Who says I can’t? The power of mindset

In February of this year, Catriona and Ian led an excellent Zoom meeting on the subject of “The power of mindset.”
Here Catriona summarises the points that were covered in the meeting.

Why do you do what you do? Perhaps a better question to ask is “Why do you think what you think?” How often do your thoughts take you in the direction of who God says that you are? Or is it more likely that your thoughts take you down a negative spiral into who you are not, what you can’t do, and negative comparisons with other people? Our thoughts dictate our actions, and this process is often subconscious. If our behaviour and actions are not what we want them to be, it is often because of a deeper problem: our belief system is faulty.
In this article, we will look at how our belief systems are formed, and how to re-write negative beliefs. This will be followed in the next edition with tools to help us live in our new ways of thinking.
How are our mindsets formed?
A negative experience creates a belief about ourselves. It might be some negative words said to you by someone you loved or trusted. Or you were let down by someone who should have been there for you. Often this occurs at a formative stage in our lives. We internalise that negative experience or those negative words, and a negative belief about ourselves takes root in our minds. If that experience is repeated, that belief becomes reinforced and becomes our default, and often subconscious way of thinking. Our behaviour follows – we act and behave in a way that is informed by our negative belief about ourselves.
Imagine a path across a large grass meadow, like this one. The path takes you along the most direct route from one side of the meadow to the other. It is not an official path – the path was created by hundreds of sets of footsteps walking the same direct route, and over time, the grass has been completely worn away. When you arrive at the meadow, you don’t even need to think about where to walk, you automatically follow the same path. It is easy, convenient, familiar, and requires less energy. Our brains work in the same way. Our brains like to conserve energy, so will quickly default to familiar ways of thinking. Thinking patterns are repeated and form pathways in our minds that become our default way of thinking because it is easier for our brains and requires less energy.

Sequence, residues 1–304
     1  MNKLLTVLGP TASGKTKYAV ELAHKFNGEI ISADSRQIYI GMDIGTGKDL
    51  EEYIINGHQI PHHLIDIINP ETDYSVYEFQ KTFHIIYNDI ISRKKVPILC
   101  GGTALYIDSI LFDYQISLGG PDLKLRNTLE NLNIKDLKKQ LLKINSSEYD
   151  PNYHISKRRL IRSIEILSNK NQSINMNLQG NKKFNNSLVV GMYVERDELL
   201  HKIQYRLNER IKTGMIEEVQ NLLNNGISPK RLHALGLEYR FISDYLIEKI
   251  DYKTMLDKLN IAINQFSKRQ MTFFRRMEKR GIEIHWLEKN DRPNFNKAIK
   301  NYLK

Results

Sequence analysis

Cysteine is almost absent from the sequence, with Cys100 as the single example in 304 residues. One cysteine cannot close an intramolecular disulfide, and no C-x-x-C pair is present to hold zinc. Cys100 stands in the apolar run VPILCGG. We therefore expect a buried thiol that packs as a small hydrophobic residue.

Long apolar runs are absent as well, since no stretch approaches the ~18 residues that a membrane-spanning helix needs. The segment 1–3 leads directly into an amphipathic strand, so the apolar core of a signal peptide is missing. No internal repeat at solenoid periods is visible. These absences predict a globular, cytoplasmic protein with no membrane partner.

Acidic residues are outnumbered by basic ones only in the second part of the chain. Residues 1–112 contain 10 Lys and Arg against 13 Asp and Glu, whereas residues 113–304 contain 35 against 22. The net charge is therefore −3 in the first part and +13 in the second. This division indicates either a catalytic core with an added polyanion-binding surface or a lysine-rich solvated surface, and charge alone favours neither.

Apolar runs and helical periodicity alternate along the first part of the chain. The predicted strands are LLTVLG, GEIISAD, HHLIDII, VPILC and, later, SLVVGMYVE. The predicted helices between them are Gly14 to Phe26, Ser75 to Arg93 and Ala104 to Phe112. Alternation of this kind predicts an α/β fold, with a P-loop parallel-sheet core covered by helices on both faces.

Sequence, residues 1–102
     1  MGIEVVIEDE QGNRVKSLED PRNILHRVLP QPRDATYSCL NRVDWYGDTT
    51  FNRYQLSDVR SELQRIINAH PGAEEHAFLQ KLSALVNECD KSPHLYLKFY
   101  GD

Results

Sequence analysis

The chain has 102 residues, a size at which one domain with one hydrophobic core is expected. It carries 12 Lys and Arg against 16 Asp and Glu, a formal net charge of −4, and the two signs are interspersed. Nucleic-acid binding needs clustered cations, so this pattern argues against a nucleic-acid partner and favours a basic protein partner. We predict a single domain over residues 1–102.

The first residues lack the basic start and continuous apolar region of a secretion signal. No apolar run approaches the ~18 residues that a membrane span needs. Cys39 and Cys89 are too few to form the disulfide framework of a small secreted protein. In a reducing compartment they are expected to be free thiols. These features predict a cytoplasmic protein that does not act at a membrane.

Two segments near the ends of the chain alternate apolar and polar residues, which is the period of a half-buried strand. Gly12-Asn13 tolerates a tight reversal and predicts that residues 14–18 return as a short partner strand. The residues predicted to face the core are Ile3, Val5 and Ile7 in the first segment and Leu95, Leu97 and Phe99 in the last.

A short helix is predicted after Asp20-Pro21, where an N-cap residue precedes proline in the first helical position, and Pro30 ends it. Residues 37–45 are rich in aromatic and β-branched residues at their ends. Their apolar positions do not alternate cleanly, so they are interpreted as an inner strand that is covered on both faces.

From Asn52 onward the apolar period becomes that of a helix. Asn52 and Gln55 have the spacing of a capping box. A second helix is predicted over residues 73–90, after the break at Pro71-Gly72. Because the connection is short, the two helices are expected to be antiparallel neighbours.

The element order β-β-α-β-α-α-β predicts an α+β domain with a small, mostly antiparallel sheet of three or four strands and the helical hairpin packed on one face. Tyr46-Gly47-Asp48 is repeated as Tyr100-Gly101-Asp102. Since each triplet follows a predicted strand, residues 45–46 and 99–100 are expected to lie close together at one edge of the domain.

When we find ourselves in situations that then trigger that negative belief, our brains revert to what is known and simply repeat the same old thinking patterns to ourselves, keeping us trapped in negative thinking loops. The pathways in our brains become as entrenched as this path across the grass.
Some examples that might resonate:
“I have to make the perfect diagnosis.”
“If my patients don’t get better, it’s because I am not a good enough vet.”
“I can never say ‘I don’t know’ or show emotion.”
“I can’t do …. like …”
What stands out to you the loudest? Notice what comes to mind. These are just examples; pay attention to what is in your own head.
What are some of the costs of these negative thinking loops?
Firstly, we keep ourselves trapped going round and round in circles in our own heads, robbing us of self-confidence and self-belief.
If you have been told you are a failure, and have learned to believe that about yourself, this might become self-fulfilling. For instance, you lower or minimise your expectations of yourself to avoid the risk of failure, or never take action in the first place because the plan can never attain your own perfect ideals. Or you sabotage your own plans because the loudest voice in your head is telling you there is no point as you will not succeed, so why bother. You push people away or keep them at arm’s length to avoid further rejection.
These are like mental worry beads – we ferret over and over about things we have said or done, or not said or not done, or what other people have said, and go round in circles perpetuating and reinforcing the negative belief, so it remains our default way of thinking.